Researchers analyzed a German female beach volleyball team and found that in one hour of play, an athlete takes about 85 jumps on average. Another study followed a mens' beach volleyball team and found that they take an average of 145 maximal jumps during the course of play in a game. That same study noted that about 27% of the jumps were due to blocking. Though beach volleyball and indoor volleyball are two different beasts, what we can conclude from this is that since beach volleyball has 1/3 of the players and is much more active, that indoor volleyball requires even less total work output. This does however give us a, "line in the sand," to know how much work capacity they need. If you focus on giving them more capacity than what they need, then you run the risk of pulling from other training variables such as explosiveness.
Knowing the numbers above I would estimate that prepping an athlete to take 80-110 jumps(being liberal) in a game should suffice for most levels and positions. So they ideally need to be able to perform that many jumps over the period of a 60-90 minutes, without losing much "umph". Throw in the constant shuffling and repositioning and you could argue that there is an aerobic demand, but due to the amount of time between plays and the, "clusters" of movement, I would argue that it is minimal when compared to the demand on the creatine-phosphate system. You rarely see an indoor volleyball player panting or having a build up of lactic acid during a game. The main role of the aerobic system for these athletes should be to help adequately replenish the glycolitic system.
To address this, you want to try to improve the aerobic capabilities of the fast twitch fibers without giving the slow twitch fibers much stimulus. Doing this must be carefully programmed so as to not interfere with maximal power output. My favorite method for this is ballistic style conditioning. The only prerequisites for this method is that the athlete has a decent strength base, so that we know the tissues won't negatively respond to the impact, and proper jumping mechanics. If the athlete is lagging in those two areas then they are much better off focusing on those aspects than worrying about their conditioning.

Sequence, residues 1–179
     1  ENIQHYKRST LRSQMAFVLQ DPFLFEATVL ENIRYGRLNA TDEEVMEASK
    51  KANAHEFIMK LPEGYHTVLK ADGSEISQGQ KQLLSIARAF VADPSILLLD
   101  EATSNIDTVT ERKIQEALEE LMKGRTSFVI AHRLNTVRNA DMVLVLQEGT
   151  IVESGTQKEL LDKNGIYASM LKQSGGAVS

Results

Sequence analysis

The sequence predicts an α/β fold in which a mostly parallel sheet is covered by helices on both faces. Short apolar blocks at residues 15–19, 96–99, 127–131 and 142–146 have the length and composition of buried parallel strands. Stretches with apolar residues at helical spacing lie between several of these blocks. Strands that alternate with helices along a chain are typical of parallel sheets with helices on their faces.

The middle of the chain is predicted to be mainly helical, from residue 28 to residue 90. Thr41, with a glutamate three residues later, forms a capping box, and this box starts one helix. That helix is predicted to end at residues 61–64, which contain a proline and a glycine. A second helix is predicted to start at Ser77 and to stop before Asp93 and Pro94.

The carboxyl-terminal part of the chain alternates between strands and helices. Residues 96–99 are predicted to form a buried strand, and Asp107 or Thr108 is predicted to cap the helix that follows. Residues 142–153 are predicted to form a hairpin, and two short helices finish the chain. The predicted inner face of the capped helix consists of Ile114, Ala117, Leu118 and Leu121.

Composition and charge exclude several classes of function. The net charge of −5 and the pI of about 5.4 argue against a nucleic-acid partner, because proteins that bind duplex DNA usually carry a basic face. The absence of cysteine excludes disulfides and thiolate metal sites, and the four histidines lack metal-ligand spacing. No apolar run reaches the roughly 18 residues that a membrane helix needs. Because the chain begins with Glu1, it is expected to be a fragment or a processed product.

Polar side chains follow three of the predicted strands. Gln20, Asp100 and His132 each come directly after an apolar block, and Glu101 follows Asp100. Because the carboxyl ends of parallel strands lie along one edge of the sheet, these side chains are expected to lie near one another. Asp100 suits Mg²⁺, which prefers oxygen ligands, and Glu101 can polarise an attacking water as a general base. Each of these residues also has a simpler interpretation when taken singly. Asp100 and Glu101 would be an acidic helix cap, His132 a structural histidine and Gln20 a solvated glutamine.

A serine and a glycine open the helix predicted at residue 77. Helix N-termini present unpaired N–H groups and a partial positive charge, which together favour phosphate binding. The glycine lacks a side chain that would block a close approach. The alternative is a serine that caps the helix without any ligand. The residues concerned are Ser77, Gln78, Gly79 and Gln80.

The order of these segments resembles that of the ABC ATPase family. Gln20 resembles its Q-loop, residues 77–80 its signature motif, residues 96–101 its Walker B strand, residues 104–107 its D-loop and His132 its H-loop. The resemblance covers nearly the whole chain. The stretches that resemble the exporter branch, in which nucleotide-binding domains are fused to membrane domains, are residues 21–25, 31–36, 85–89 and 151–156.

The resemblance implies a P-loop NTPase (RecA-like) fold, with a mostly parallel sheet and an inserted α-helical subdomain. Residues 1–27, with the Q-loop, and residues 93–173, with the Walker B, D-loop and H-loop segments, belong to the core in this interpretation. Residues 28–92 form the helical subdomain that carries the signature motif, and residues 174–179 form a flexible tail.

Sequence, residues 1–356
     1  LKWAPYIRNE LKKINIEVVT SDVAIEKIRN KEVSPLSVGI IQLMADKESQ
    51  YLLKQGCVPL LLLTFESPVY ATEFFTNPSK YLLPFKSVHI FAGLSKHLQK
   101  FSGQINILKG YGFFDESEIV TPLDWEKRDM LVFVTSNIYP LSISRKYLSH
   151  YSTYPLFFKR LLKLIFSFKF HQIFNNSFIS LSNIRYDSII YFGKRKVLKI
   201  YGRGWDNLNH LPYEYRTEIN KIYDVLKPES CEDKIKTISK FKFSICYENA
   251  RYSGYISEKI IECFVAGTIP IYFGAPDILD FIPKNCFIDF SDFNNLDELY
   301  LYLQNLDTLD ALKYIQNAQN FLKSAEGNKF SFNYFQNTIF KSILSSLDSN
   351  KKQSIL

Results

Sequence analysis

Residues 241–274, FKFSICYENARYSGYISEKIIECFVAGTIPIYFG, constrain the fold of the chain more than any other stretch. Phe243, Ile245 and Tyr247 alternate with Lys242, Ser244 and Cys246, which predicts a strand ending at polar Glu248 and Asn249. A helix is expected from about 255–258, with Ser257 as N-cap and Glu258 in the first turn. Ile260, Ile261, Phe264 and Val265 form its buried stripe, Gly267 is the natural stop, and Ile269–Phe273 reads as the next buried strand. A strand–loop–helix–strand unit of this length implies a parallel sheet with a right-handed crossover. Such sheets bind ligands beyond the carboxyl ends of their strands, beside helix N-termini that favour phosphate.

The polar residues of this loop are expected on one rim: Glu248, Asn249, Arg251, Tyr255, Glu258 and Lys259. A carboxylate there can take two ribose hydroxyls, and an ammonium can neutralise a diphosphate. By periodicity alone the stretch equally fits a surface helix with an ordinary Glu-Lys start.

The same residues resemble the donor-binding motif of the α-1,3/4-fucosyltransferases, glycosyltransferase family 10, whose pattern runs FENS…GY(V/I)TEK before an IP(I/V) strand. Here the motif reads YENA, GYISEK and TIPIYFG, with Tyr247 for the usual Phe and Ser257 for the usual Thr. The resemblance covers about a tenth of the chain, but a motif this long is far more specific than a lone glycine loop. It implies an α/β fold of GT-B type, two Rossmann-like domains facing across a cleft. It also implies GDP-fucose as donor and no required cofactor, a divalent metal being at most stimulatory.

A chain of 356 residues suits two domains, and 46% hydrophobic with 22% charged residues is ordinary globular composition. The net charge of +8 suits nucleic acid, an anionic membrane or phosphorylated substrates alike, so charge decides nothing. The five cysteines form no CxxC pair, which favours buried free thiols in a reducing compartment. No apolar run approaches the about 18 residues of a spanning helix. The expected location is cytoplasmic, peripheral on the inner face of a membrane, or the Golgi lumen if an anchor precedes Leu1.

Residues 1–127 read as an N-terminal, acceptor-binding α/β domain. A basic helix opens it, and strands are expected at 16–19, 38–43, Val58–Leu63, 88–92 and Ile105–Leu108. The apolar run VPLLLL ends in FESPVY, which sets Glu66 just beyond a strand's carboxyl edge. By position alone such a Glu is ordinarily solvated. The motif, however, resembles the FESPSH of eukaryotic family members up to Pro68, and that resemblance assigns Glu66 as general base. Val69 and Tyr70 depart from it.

Enter Ballistic style conditioning
Not only does it sound hard-core, it's pretty easy to implement, is extremely effective and is probably the most specific conditioning method for volleyball players. It is a form of interval training that is set to the individuals ability every time it is performed.
To implement this method, you need a point in which the athlete(s) can measure jump height on each of their reps. What I recommend doing is adjusting the nethigher so that they can't get one hand over when jumping(if possible) or using some other object(like a basketball hoop) for them to consistently touch when they jump. The athletes will first see how high they can get by jumping uptouching a spot on the net/object and will be instructed to mark and remember that spot. You can use tags or stickers if you don't trust them to remember.
You then pick an interval depending on the need, position, time of year and conditioning level of the athlete(s). I recommend 5-15 seconds on and 20-35 seconds off. When you start the interval the athlete(s) will jump and touch their individual spots repeatedly until the rest period starts. During the rest period, the athlete still does slight movements such as sidesteps in place. Just enough to keep the blood flow going. Then returns back to jumping when the rest ends. This is repeated UNTIL THE ATHLETE MISSES THEIR MARK, which signifies fatigue of the fast twitch fibers. At that point, the athlete stops and gets a gull recovery of 3-6 minutes so that the glycolitic system can recover. This constitutes as one set. I'd recommend doing anywhere from 1 to 3 sets depending on the situation and frequency of implementation. The training effect will make it so that the fibers can recover faster in between bouts so that they can generate near maximal forces even towards the end of the game.
This method should be used and completed before the season starts so that the training effect can be utilized in practice. So long as they are continuously practicing and playing in game-like situations, the effects should last. It will actually allow you to get in more maximal power work too, which is what you should be doing while in-season. Performing circuit-style conditioning or anything that pushes the athlete into 60-90 seconds or more of intense activity will start to diminish this affect.
Give this a try with your team next year. Get them working early so that they can get a good wave of ballistics in before their season starts and then continue to work on their maximal power and skills from there. If your team isn't ready for ballistics conditioning then working on jumping mechanics and a solid strength base will still improve their endurance on the court as well as improving their vertical.